Passive Learning

Posted 6 months, 4 weeks ago | Originally written on 1 Feb 2008

Extreme frustration!!! I'm not making any headway in French. i can't put my finger on what I have learned at the end of every class. So, what's the point? There has to be a better way... or no way at all!

I think the human mind is amazing in the sense that it cannot be instructed based on rules - it builds the rules from information. The best way, then, to learn is to subject it to as much information as possible that is based on some rules: the more and more interesting, the greater the learning effect.

This is a Natural Law.

I know that I want to be better but I'm weak. But I must keep trying...I cannot accept another to determine my fate.

I think the cure for an inquisitive mind is Passive Learning.

Passive Learning is a [generally self-induced] learning method by which the mind is subjected to a lot of information that is based on certain rules. The rules are never explicitly mentioned but may be explicitly identified by the learner. The best context of application is in solving real-life problems that, while simultaneously providing an intellectual kick, provide the implicit rules of the subject under study.

I have very successfully (and I mean successfully) used it to learn mathematics and other fields that required me to make use of my mind as a tool not just as a repository of knowledge. In mathematics, the trick to mastery is simply achieved in the following steps:

  1. Understand the basic concept literally
  2. See how to use the concept in an imaginary problem
  3. Independently solve an imaginary problem, liberally making reference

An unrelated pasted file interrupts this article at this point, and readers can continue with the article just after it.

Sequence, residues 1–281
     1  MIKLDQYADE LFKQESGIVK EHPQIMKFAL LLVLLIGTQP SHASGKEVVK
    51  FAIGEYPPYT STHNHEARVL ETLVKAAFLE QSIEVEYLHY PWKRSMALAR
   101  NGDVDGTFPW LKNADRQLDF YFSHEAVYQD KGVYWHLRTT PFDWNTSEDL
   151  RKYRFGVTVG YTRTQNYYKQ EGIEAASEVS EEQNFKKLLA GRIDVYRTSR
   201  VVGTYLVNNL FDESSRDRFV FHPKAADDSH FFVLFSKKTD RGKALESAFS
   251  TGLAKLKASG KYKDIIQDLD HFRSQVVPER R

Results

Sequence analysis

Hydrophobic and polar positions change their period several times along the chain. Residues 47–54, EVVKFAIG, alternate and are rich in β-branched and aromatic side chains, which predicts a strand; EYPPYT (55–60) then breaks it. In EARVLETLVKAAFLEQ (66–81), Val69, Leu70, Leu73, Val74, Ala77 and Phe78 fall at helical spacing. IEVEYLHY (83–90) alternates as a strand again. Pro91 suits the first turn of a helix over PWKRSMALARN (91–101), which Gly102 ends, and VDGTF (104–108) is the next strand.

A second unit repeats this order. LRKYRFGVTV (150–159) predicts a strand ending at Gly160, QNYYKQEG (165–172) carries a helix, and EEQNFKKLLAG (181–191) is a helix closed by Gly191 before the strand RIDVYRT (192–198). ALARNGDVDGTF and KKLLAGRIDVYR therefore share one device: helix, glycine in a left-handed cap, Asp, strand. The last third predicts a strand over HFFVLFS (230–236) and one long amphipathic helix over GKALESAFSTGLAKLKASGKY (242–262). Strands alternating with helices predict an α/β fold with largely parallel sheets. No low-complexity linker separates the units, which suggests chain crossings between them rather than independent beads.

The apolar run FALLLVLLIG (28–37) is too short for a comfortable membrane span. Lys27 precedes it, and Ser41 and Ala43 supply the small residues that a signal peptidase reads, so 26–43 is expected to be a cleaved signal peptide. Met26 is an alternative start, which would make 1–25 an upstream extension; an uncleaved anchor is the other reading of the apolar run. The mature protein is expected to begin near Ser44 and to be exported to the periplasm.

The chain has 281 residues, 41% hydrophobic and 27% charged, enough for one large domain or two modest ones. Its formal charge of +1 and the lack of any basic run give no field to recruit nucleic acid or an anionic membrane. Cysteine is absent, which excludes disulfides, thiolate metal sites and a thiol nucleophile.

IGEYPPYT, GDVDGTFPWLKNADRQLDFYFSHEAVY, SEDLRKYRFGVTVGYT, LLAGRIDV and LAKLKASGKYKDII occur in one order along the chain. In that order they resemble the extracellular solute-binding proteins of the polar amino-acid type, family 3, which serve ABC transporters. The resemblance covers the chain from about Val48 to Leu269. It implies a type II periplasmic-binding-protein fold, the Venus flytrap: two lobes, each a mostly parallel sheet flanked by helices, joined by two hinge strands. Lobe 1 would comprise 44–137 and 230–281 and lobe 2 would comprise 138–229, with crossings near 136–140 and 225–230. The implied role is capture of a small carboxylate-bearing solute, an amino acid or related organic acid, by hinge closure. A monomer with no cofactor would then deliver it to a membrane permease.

4. Independently solve many (very many) real-life problems

For 1 above, I say literally because there might be underlying material that you have not yet mastered. Ideally, you should take the above steps for any prerequisite that you have not yet mastered and do so, as well, for any prerequisite for the prerequisite. Doing so leads to more solid knowledge as you can tell all the whys and wherefores. However, you might be in a situation where you do not have time (like you have not been reading as you should have!) in which case you will just have to accept some concepts by faith.

The alternative to Passive Learning is what most language schools do: they go through a text book and show you all the rules of the language that you can't as yet even communicate in. I distinctly remember learning the rules of English after I could communicate in English. In fact, I dare say that learning the syntactic rules aided in improving my use of English (I like rules anyway!) You see, a language is a skill, not just a set of facts. Skills are used to express thought and creativity as opposed to knowledge which is static. Acquiring a skill requires more practice than rules. By teaching a new language with rules you are subjecting the mind to double work: first, is the necessary step of generating the idea you want to express, and second is building the syntactically correct sentence based on the rules that you know so far. It would be infinitely easier to somehow learn, from interaction, little blocks of the language and, from experience with the language, to simply map ideas onto sentences. The more one learns little blocks the better they get. Only after they can communicate can they learn the rules to govern the already existing language skill.

One of the most successful Passive Learning methods is that employed by The Rosetta Stone application. They call it Dynamic Immersion. You only need to learn how to use the application, which is pretty straight forward. Beyond that you will learn the language without ever facing any rules. You are repeatedly subjected to knowledge based on images and sound and you then pick verbs, nouns and tenses among other language constructs. After you have made some headway you can then learn the rules and apply them to what you already know.

Ultimately, I think one of the key ingredients into making Passive Learning a great success is self-induction. The student must come willingly and control the learning process. If the student is forced, it might achieve very little. It then becomes very easy to demonstrate that the intersection of a willing learner and a natural learning method will make evident what Man has always known - that the human mind is truly amazing!